24 August 1961
In the past few days, I have read very attentively the Theological Commission’s final texts. They contain some good things. The chapter De Laicis [on the Laity] expresses fairly closely my ideas and my own paper. It was prepared by Mgr. Philips. However, in my view, the text as a whole has three major defects:
1. It is very much in the scholastic mode, and also very scholarly. More than anything else, it is a series of chapters from a good manual. …
2. It is a summary of papal documents over the past century: a sort of syllabus of these documents, including the ADDRESSES of Pius XII. That has the disadvantage of highlighting the errors which these documents have successively denounced. At times, errors of long ago. A Modernism which is already dead is slain yet again . . . There are strong words against interrupted sexual intercourse. [In 1952, the Holy-Office had disapproved of this method of birth control, which had been defended in particular by Dr Paul Chanson, with the support of Henri Féret, OP, a close friend of Congar’s. …]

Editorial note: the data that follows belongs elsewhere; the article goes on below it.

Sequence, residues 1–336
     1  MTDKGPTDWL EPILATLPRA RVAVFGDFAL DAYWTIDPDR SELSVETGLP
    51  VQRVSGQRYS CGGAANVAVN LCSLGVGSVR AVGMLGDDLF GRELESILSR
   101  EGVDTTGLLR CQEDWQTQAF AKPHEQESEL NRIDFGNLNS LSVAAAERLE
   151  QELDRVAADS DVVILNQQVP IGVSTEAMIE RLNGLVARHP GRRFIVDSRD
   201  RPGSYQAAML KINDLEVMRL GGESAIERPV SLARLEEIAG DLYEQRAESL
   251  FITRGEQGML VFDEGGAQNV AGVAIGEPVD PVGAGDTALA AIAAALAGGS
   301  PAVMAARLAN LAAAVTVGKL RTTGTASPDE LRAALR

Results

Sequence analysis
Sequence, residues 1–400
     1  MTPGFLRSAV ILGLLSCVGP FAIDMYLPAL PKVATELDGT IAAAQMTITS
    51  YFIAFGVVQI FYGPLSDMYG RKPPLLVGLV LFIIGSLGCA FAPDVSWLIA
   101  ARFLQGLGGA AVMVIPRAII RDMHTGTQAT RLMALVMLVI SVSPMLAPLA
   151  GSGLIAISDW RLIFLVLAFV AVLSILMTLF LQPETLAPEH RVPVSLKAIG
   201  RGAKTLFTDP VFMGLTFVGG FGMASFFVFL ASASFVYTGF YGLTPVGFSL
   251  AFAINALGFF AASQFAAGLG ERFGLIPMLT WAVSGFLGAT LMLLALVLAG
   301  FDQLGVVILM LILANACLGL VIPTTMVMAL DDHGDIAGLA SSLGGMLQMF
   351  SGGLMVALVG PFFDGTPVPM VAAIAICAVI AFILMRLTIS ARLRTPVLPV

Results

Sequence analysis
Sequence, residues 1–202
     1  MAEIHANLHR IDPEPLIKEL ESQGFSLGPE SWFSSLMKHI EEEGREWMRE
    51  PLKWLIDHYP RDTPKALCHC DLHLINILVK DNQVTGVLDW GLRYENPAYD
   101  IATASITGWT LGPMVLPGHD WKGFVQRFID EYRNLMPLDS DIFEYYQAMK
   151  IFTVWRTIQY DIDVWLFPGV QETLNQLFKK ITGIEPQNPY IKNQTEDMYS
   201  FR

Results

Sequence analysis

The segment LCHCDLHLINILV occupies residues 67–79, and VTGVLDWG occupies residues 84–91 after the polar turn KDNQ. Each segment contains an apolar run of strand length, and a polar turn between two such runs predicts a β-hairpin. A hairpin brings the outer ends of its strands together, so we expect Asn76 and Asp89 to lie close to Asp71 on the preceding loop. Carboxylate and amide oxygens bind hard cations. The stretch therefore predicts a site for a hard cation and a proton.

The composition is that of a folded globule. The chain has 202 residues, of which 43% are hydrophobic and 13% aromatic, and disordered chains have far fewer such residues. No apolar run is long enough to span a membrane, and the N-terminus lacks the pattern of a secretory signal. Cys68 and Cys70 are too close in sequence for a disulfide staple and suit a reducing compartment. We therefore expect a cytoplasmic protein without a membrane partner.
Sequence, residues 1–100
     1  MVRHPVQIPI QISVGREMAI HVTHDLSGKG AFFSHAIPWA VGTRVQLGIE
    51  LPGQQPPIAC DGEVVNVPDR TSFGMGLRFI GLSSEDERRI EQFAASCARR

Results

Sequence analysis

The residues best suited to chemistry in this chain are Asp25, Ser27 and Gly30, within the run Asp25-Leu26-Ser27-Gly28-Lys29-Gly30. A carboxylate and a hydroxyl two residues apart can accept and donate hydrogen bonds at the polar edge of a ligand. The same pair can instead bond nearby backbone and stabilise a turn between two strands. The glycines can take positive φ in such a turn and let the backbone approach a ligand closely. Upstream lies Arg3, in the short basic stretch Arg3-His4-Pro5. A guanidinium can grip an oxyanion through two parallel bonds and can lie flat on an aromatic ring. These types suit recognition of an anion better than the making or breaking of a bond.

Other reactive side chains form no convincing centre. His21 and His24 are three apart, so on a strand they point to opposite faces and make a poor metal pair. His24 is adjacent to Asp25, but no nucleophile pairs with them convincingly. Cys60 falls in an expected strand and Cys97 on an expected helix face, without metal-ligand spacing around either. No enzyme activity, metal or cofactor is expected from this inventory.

But above all the SOURCE is never the Word of God: it is the Church herself, and even the Church reduced to the pope, which is VERY serious.
3. There is NOTHING ecumenical. The only ecumenical reference is in the chapter on the Virgin Mary, in order to say that the Mother of God brings about, is an agent of, reunion between Christians. This does no more than state a very remote and theoretical truth, if it is not actually a fiction and, from the immediately concrete point of view, a counter-truth. I think that, if I were to make this remark to the people in Rome, they would reply that there will be a chapter on ecumenism. And in fact, there will be one, prepared by Fr. Witte, but I have not yet received it. . . .
Don Colombo told me that same day that it comes from Cardinal Ottaviani; that because he had so decided, the Theological Commission had so far not agreed to discuss anything with anyone, not even with the other official Commissions such as the Commission on the Liturgy. But, he added, it was not certain that this attitude would be maintained in the future. In the end, the question will be settled by the Pope.
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Shortly after the Second Vatican Council was announced by Pope John XXIII, Fr. Colman Barry, OSB, monk of St. John’s and historian, wrote a postcard to then-editor of The Christian Century, famed Lutheran theologian Martin Marty.
When Marty spoke at St. John’s University commencement a few years ago, he brought down the house by pulling the postcard from his pocket and reading the priceless P.S.: